8 YA Books That Got Completely Unnecessary Spin-Offs
Fans were shocked when Stephenie Meyer released a brand-new tenth anniversary re-imagined version of Twilight. And not necessarily in a good way. While the promise of more vamp-y love may’ve sounded like a good idea in the author’s head, the tale received a great deal of backlash.
But, hey, money’s money, right?
And this wasn’t the even the first time Stephenie decided to extend her stories beyond the limits of the original series. She, as well as plenty of other authors, have released unnecessary spin-offs. In fact, spin-off books are actually becoming common ground for our favorite YA tales. Whether there are pieces of a story that are still left untold, or if the author just isn’t satisfied with the movies alone, spin-off novels aren’t completely uncommon. Are they good, though? Honestly, sometimes they can just leave us scratching our heads and wondering, “WHY?” As much as we want more from the authors and characters we love, there actually is a point that leans more towards the “this is a bit of a stretch” category. So, without further ado, here are the YA stories that got spin-offs everyone totally could’ve gone without:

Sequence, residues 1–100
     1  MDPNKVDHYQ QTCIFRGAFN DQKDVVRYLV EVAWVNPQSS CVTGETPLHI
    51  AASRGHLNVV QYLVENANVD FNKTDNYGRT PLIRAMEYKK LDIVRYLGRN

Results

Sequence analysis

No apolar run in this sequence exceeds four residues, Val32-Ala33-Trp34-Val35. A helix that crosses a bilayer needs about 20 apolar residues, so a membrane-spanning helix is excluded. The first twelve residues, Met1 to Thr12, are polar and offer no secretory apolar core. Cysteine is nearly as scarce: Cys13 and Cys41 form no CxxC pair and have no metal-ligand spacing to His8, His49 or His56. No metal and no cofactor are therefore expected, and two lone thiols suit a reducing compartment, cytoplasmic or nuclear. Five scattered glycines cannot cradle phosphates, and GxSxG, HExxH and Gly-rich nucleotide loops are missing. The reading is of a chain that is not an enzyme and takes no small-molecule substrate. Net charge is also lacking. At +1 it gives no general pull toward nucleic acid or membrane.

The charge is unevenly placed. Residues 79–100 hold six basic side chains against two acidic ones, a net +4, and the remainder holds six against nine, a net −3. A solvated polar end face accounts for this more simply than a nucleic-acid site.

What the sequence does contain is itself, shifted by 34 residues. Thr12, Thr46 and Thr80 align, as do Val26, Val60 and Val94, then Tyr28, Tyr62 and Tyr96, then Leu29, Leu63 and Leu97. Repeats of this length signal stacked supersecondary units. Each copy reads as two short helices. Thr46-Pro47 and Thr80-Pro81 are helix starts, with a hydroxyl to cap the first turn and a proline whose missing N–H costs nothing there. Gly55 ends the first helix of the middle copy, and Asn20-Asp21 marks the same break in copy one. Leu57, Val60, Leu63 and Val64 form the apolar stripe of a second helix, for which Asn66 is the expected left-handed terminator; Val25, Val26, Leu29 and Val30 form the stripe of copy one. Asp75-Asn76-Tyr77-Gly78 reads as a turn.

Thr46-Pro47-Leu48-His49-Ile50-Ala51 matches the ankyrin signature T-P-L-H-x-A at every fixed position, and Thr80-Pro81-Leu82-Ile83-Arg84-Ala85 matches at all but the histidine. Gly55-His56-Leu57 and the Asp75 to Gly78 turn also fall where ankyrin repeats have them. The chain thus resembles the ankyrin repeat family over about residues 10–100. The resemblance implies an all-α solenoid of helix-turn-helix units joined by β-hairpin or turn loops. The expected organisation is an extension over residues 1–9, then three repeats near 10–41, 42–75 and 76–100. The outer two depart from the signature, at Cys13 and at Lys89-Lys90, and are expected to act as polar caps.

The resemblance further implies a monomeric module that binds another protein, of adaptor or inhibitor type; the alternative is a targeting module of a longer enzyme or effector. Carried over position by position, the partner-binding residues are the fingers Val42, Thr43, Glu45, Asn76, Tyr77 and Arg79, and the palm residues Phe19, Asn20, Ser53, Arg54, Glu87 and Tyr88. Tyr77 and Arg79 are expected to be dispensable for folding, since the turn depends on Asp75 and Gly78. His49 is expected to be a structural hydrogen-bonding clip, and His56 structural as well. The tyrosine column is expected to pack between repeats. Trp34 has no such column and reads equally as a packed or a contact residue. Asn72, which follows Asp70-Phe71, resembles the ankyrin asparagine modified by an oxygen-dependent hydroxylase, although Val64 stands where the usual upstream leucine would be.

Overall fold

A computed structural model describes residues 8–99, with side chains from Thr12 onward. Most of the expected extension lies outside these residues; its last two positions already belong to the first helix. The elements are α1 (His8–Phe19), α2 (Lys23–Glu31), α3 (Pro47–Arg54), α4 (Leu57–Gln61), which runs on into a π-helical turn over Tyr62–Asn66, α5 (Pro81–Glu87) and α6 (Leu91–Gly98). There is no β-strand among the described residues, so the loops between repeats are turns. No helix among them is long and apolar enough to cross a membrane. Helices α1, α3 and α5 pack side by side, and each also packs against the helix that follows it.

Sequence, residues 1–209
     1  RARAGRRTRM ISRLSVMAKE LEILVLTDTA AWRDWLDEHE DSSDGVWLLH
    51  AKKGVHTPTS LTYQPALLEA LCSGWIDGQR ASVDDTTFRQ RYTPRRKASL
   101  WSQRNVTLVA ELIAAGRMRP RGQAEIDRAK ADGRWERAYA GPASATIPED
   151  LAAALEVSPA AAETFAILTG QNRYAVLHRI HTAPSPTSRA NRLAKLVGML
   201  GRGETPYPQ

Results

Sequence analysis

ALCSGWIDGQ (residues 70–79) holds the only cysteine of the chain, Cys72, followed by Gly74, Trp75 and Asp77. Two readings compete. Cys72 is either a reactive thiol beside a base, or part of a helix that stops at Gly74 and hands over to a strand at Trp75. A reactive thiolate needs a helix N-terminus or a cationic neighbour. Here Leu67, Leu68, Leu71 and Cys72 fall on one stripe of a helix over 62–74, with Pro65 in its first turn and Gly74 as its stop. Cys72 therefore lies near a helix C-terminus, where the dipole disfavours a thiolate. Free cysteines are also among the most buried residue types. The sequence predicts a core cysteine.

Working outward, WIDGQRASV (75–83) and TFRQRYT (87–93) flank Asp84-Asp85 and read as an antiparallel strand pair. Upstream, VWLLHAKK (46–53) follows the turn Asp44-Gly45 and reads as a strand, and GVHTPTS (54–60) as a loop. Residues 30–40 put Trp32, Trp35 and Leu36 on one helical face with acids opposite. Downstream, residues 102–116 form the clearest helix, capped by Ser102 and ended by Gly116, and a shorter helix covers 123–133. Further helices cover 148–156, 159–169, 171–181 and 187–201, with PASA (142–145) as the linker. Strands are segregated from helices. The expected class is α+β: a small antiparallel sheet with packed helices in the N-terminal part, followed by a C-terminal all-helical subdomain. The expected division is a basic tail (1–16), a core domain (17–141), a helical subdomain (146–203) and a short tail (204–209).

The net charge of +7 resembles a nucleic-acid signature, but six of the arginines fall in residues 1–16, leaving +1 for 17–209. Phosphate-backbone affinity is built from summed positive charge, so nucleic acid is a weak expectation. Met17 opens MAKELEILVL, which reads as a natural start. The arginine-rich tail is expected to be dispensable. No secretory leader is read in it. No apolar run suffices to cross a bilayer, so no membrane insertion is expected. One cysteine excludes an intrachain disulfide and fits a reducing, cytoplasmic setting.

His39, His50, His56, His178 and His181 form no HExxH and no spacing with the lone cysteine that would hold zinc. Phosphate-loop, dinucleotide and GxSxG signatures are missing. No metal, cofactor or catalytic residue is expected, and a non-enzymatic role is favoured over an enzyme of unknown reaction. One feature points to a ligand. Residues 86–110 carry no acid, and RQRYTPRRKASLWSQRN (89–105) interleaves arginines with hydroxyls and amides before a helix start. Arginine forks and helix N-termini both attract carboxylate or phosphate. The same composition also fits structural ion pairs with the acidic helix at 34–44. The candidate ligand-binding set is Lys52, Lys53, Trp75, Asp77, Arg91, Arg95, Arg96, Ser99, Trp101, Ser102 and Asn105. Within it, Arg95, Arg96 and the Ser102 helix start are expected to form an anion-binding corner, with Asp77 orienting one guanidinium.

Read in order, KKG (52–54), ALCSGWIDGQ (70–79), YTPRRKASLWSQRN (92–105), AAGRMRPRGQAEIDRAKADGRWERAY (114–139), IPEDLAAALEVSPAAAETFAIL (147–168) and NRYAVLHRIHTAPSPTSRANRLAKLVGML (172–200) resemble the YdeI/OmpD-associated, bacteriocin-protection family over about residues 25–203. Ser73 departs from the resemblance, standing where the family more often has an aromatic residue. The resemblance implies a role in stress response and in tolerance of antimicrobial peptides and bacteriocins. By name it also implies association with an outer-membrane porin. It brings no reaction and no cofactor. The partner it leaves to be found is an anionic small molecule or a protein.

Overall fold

Twilight & Life and Death: Twilight Reimagined
Like we mentioned, in honor of the tenth anniversary of Twilight, Stephenie Meyer surprised fans with a gender-swapped version of the original book, Life and Death: Twilight Reimagined. But instead of it being an exciting new addition to the saga, many fans questioned the reasonings as to why it was even made in the first place.
In the book, virtually all of the characters are swapped — such as Edward turning into Edythe and Bella turning into Beau — and the book even contains an alternate-ending to the first chapter of their story. While Stephenie claimed it was made in order to help break down the negative stereotypes surrounding gender roles in the saga, many fans just ended up wondering why the Edward point-of-view version of Twilight, Midnight Sun, wasn't completed instead.
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